Commentary: Changes in curriculum are harmful to Utah’s children

I am saddened and disappointed to hear the Utah State Board of Education has eliminated physical education, health, the arts and college and career readiness as core requirements in Utah middle schools.

I am especially alarmed that they would remove health. As an educator, I can tell you, children need a safe, objective environment in which they can learn about nutrition, healthy relationships, setting goals, identify strategies that enhance mental and emotional health, manage peer pressure, recognize the importance of a healthy body image and develop appropriate weight management behaviors, examine the dangers of inappropriate use of current technology, and identify and respond appropriately to harassment and violent behaviors (These are just some of the standards and objectives in the health curriculum).

With Utah’s staggering teen suicide rate, eliminating the requirement for all middle school students to take a class that teaches coping skills and suicide prevention is absolutely irresponsible.

Eliminating the requirement for all students to take a fine arts class is also irresponsible. Students must experience art. Regardless of whether that class is painting, theater, dance, band or choir, students should have the opportunity to find a way to express themselves. Fine arts classes support and enrich children’s education in their core classes. Theater classes enable children to enter the stories they study in literature. It has been revealed in educational research that theater education increases empathy in students of all ages. If educators are concerned about bullying, theater classes should be protected and encouraged. In theater classes students can also develop public speaking skills and build confidence.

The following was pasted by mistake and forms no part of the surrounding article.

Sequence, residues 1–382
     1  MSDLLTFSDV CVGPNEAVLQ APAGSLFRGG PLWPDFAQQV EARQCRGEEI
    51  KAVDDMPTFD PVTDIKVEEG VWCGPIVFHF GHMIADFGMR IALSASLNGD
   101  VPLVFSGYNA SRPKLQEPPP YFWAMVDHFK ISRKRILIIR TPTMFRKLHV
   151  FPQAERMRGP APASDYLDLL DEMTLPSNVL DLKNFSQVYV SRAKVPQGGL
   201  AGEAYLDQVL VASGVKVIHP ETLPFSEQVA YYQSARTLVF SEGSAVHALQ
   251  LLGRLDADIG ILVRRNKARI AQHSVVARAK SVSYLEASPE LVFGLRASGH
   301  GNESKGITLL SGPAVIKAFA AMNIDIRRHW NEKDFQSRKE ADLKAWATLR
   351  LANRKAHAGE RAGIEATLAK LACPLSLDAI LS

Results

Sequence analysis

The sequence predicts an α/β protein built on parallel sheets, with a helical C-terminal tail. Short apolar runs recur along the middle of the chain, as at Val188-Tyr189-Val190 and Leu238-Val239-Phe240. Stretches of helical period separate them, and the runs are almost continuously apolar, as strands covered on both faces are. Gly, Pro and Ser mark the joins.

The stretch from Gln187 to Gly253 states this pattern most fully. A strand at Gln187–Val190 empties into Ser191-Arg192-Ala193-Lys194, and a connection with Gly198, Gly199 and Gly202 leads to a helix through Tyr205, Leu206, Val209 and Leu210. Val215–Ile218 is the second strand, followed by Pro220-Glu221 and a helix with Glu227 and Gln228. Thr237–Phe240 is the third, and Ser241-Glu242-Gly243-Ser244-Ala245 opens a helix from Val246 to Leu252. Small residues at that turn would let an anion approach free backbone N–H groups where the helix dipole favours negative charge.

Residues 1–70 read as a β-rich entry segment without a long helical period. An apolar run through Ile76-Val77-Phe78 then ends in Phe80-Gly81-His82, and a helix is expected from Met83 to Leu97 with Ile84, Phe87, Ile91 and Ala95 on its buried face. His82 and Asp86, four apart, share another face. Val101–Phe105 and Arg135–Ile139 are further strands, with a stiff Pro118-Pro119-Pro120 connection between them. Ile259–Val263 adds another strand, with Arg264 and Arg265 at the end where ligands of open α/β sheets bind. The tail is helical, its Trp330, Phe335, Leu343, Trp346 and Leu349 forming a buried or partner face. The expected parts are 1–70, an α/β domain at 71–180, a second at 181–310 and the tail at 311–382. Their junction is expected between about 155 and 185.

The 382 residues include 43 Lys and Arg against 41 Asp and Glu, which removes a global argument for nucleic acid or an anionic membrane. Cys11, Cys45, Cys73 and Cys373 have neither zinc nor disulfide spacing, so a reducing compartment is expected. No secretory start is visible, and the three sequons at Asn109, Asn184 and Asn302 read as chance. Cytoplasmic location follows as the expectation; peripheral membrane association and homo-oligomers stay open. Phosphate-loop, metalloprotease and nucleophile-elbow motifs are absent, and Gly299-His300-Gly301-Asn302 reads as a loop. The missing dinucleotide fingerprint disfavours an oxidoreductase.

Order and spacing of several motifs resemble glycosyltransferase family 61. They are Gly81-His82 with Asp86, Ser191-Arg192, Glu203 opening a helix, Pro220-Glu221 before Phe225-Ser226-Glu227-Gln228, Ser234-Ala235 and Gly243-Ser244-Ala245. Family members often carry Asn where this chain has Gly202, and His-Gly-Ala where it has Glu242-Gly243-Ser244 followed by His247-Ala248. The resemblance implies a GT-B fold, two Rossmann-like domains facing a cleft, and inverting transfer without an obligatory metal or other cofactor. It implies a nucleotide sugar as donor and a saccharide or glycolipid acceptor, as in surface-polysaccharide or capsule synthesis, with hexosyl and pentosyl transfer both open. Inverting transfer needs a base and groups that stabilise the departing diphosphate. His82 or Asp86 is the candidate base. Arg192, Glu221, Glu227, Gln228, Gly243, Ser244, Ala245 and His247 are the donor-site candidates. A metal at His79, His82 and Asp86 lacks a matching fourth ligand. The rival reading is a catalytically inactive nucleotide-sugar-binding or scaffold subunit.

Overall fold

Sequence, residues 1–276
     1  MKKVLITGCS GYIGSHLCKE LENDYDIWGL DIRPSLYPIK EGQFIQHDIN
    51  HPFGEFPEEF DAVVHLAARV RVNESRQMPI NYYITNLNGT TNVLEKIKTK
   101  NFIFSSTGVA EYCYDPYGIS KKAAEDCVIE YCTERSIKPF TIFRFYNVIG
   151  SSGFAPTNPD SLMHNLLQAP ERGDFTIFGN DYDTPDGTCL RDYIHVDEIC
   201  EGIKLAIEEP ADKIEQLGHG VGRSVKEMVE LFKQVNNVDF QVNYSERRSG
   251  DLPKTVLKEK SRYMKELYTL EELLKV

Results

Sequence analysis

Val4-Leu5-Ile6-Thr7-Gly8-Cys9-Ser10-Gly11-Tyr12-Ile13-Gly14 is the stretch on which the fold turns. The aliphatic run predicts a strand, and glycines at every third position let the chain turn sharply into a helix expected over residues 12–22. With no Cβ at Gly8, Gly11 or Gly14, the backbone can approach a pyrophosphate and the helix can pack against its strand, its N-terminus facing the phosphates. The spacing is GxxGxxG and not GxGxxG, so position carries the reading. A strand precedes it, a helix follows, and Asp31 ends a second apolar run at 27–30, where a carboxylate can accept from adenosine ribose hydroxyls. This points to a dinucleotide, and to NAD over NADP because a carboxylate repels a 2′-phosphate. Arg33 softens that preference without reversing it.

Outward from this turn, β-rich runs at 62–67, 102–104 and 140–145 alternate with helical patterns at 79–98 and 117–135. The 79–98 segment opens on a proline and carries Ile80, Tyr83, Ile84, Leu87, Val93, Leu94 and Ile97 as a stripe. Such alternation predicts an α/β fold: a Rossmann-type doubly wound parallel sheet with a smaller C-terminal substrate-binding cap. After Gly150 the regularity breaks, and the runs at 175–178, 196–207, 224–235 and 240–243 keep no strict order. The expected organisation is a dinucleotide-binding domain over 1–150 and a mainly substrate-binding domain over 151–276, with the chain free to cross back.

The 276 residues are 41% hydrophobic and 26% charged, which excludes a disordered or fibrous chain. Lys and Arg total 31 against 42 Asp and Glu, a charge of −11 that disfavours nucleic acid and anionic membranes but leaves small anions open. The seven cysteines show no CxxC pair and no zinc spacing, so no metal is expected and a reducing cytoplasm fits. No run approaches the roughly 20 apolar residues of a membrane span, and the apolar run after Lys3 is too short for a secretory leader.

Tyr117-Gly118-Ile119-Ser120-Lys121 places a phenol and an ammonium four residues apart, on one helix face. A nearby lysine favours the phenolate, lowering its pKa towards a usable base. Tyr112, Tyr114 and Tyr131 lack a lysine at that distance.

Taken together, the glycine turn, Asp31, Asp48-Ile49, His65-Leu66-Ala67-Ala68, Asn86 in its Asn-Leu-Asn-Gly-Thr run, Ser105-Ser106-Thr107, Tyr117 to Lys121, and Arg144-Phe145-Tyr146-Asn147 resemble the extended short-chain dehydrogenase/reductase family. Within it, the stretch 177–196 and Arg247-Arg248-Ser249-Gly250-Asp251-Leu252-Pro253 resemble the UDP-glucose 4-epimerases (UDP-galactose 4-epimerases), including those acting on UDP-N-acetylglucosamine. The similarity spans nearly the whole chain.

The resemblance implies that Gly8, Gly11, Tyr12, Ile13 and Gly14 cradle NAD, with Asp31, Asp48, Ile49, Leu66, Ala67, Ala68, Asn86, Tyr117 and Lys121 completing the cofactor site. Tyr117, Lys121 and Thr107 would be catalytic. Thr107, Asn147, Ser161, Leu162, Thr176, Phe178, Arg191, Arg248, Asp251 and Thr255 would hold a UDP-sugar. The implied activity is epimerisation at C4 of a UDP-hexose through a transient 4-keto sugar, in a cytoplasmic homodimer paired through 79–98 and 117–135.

In music classes children investigate math concepts such as fractions as they alternate between a waltz and a tango rhythm. Studies have repeatedly demonstrated musical training increases brain volume and connectivity.

Dance enables children to kinesthetically explore and connect with countless core curriculum themes. I have taught second-graders the water cycle and third-graders about volcanoes through dance. Mirroring and flocking exercises teach relationship and interpersonal skills. Cross lateral movements help the brain build pathways in the brain from one hemisphere to the other.

If the Utah Board of Education wishes to re-evaluate core requirements, then they need to take the time to re-evaluate all core requirements. This vote was made hastily before the policy had been fully evaluated and vetted. Our children’s education, development, and overall well being are at stake.

If funding is the reason many districts wish to eliminate these essential education requirements, then we need to re-evaluate the way we fund education in Utah. I know we are a red state that prefers small government, but we are a red state that claims to value families and children above all else.

If this is true, we need to change the way we view education and the way we fund programs of value. Stripping our children’s education of essential core curriculum is not an option I feel comfortable with, and neither should you.

Kat Martinez

Kat Martinez is a mother of three, small business owner, child care provider and activist.

from The Salt Lake Tribune


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